“Ah, you’ve got jungle fever.” I’d just told this person my girlfriend was a Pacific Islander. I knew they were joking, that they often had a cheeky, irreverent wit. I don’t remember how I responded but, 13 years later, I do remember the comment.
When I wrote an editorial about cross-cultural marriage, I received a letter telling me that I should keep my marriage because God requires no divorce, but that we should never have children, because—I don’t remember the exact words—“half breeds were an abomination”. The comment had the potential to tear the heart out of a young couple wrestling with infertility. Lucky I’ve been diagnosed by my doctor as having thick skin. I chose not to share it with my wife.
I have thought about how having a brown wife might impact my career in the Church, how people might receive us if we went into pastoral ministry or some other role. I’m hopeful to say I don’t think it would have too much impact. But I wasn’t sure all those years ago.
These examples are mild compared to what some people have lived through. But well-meaning, good-hearted church members are allowed to get away with comments like this in Sabbath schools and potluck conversations, while the rest of us, although we might feel uncomfortable, say nothing.
Jokes that come at the expense of another people group, belief system or gender are not funny. They are hurtful and propagate false stereotypes and narratives. Any feeling of superiority against another group of people is suspect and should be interrogated. This includes our Adventist feelings of superiority against other religious groups. I am not speaking against something that I have not been complicit in. [pullquote]
I am a recovering racist. I repent. I have heard and passed on jokes about Aboriginals and other minorities in my life. I have sat through conversations that perpetuated unkind or untrue stereotypes and not said anything.
These attitudes continue in my reactions to another brown or black death on the news. It’s easy to look for blame, to find support for the narrative that the victim deserved it (no-one deserves to die), to grab statistics that stereotype a whole group of people, as if that life being lost was justified (again, no-one deserves to die). All of these things many of us do without thinking, conditioned to look for blame elsewhere and ignoring the call to love and support people and to change the systems that have created these conditions in the first place. We tell ourselves comfortable lies.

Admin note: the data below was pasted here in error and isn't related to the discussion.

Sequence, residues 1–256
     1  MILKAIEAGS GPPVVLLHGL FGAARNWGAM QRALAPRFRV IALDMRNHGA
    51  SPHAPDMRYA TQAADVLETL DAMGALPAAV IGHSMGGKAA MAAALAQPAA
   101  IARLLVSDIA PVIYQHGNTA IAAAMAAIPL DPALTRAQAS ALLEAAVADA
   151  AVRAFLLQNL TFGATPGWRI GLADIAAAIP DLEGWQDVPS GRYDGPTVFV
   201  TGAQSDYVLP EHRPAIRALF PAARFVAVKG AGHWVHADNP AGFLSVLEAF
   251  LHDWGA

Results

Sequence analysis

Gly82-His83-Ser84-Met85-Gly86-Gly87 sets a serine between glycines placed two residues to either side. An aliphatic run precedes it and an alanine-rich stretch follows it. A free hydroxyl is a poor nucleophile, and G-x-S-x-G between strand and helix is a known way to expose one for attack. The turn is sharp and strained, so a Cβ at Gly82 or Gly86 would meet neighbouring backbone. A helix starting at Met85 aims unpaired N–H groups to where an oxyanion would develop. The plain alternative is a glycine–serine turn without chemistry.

But I am trying to be aware of my own biases, the holes in my education and experiences that leave me blind to the cries of the marginalised.
In the culture and systems I grew up in, comfortable prejudice often went unquestioned. “Good”, conservative, middle-class values were suspicious of the “other” and threatened by change. Anything outside that experience was suspect.
In recent weeks I’ve been privileged and humbled to have had conversations with an African-American, two Aboriginal and Torres Strait Islander leaders and a Papua New Guinean about racial inequality and the Church. To listen to their points of view and hear their heart for healing and for their people has been helpful, informative and so important.
Being married to a Pacific Islander, I have been forced to unlearn some of my prejudiced attitudes. Yet they are still there, lurking in the dark caverns of my subconscious.
But most importantly, it is God who calls me to change my heart. The same God who made all humankind in His image. The book of Jonah carries a strong message against the elitism and racism of Israel. Paul in the New Testament declares that all are equal in Christ (Colossians 3:11). This is not saying “All Lives Matter”. Paul is saying that no-one is superior to any other. We don’t need to diminish or dismiss distinctions of race or class, but they are not the judgement value system of the kingdom.
So, please join me. Listen, learn and educate yourself about the experience and history of others. Let God remake your heart. There is no room for prejudice in the Christian faith.